Hillquit became involved in left-wing politics. This included working for the Socialist Labor Party and establishing the United Hebrew Trades, a trade union for Jewish garment workers. In 1891 Hillquit entered New York University and after graduating two years built up a successful legal practice.
According to Barbara Gelb, the author of So Short a Time (1973), Hillquit "made his legal reputation as a defense lawyer in some of the prominent labor disputes of the 1900s." In 1901 Hillquit joined with Eugene Debs and Victor Berger to establish the Socialist Party of America. The party's leading theoretician, he wrote History of Socialism in the United States (1903), Socialism in Theory and Practice (1909) and Socialism Summed Up (1912).
Hillquit was totally opposed to the Industrial Workers of the World and of the faction that urged labour activity independent of the American Federation of Labor. He led the campaign to have William Haywood removed from the National Executive Committee of the Socialist Party of America. Over the next few years he continued to argue that socialism would be achieved through the democratic system.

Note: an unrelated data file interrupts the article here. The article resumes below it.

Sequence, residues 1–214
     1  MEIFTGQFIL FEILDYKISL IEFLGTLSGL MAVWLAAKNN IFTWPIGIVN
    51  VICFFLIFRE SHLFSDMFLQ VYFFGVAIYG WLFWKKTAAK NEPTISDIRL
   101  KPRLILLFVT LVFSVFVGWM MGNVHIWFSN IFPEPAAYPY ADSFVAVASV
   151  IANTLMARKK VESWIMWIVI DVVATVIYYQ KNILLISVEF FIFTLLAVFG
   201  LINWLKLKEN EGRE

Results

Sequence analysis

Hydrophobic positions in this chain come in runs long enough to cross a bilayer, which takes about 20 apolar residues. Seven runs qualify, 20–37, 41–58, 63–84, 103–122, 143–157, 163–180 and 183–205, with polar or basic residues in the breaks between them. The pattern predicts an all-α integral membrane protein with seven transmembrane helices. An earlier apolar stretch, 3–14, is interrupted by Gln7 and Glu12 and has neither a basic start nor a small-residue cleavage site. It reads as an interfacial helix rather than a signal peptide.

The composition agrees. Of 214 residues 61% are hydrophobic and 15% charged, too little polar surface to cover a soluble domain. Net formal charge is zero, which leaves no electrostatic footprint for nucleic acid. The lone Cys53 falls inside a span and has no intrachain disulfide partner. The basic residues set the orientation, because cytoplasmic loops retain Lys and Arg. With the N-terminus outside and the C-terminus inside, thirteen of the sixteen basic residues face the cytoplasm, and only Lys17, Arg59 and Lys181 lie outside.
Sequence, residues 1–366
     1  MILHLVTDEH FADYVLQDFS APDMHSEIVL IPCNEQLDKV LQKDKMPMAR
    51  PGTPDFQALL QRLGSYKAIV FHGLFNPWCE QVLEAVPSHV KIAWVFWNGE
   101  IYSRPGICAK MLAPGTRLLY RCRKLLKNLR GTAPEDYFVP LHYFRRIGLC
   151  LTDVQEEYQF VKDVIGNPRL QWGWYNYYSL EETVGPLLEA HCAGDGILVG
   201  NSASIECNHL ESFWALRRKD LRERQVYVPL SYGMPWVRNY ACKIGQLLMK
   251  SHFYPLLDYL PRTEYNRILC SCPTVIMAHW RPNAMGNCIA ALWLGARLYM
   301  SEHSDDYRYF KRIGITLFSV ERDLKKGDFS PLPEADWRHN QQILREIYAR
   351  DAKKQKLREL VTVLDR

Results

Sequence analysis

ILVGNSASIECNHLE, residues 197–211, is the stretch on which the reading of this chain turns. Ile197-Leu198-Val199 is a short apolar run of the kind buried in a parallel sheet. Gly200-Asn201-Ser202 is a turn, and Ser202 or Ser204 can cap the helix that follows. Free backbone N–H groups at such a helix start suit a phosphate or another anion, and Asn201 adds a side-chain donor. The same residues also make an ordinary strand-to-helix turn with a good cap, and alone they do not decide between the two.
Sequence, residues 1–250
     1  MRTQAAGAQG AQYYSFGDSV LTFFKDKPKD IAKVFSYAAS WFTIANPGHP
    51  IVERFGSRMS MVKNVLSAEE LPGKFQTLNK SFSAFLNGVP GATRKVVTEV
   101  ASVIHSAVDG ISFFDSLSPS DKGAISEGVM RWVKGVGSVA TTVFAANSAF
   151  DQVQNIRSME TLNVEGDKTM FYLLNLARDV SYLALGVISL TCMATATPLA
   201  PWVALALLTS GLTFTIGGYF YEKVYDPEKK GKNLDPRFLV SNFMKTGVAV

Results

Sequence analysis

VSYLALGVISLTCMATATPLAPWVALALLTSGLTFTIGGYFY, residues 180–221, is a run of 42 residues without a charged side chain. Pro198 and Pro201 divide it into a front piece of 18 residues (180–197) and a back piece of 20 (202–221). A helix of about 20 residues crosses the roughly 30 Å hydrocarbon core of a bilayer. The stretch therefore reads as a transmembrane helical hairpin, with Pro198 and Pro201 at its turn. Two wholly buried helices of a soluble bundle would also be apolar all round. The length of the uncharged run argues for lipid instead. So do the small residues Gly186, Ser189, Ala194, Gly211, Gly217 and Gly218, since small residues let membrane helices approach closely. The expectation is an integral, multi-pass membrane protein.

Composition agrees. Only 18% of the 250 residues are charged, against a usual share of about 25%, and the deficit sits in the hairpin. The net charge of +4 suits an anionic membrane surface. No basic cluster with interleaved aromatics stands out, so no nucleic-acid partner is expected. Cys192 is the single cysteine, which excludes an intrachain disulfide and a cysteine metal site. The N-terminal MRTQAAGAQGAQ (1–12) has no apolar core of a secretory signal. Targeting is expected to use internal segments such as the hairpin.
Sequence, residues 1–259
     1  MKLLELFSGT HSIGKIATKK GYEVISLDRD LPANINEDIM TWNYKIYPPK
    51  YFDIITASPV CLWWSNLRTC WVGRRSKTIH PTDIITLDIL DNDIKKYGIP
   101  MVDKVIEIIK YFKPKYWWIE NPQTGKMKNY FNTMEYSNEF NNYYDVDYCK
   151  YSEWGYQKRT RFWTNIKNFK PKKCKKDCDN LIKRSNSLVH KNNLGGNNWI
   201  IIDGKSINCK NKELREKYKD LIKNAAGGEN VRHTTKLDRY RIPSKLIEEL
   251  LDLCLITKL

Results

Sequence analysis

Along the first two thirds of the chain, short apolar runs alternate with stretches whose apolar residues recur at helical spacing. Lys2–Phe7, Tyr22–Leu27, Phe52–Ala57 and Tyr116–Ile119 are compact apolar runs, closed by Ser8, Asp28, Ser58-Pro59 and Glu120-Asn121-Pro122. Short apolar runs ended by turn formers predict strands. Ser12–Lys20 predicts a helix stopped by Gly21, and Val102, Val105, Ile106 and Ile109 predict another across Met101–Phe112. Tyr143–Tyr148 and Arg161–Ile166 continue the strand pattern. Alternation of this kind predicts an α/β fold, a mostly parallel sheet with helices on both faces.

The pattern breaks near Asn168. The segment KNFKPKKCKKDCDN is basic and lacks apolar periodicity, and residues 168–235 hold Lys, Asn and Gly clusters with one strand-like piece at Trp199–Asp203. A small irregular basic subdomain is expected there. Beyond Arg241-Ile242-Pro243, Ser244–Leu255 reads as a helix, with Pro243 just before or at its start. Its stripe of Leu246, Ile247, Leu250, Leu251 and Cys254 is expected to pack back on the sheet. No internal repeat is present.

A strong opponent of United States involvement in the First World War, Hillquit help defend members of his party charged under the Espionage Act. In 1917, The Masses came under government pressure to change its policy. When it refused to do this, the journal lost its mailing privileges. In July, 1917, it was claimed by the authorities that cartoons by Art Young, Boardman Robinson and H. J. Glintenkamp and articles by Max Eastman and Floyd Dell had violated the Espionage Act. Under this act it was an offence to publish material that undermined the war effort. Hillquit was chosen to defend the magazine.
The legal action that followed forced The Masses to cease publication. In April, 1918 the jury failed to agree on the guilt of Eastman and his fellow defendants. The second trial in January 1919 also ended with a hung jury. As the war was now over, it was decided not to take them to court for a third time.
Hillquit twice failed in his bid to become mayor of New York. In 1924 he gave his support during the presidential campaign to Robert La Follette and the Progressive Party. The historian, Paul Buhle, has argued that he was gradually losing his power over his followers as "the new generation of radicals no longer shared his calm confidence in socialism's inevitable, peaceful, parliamentary advance."
Morris Hillquit died of tuberculosis on 7th October, 1933.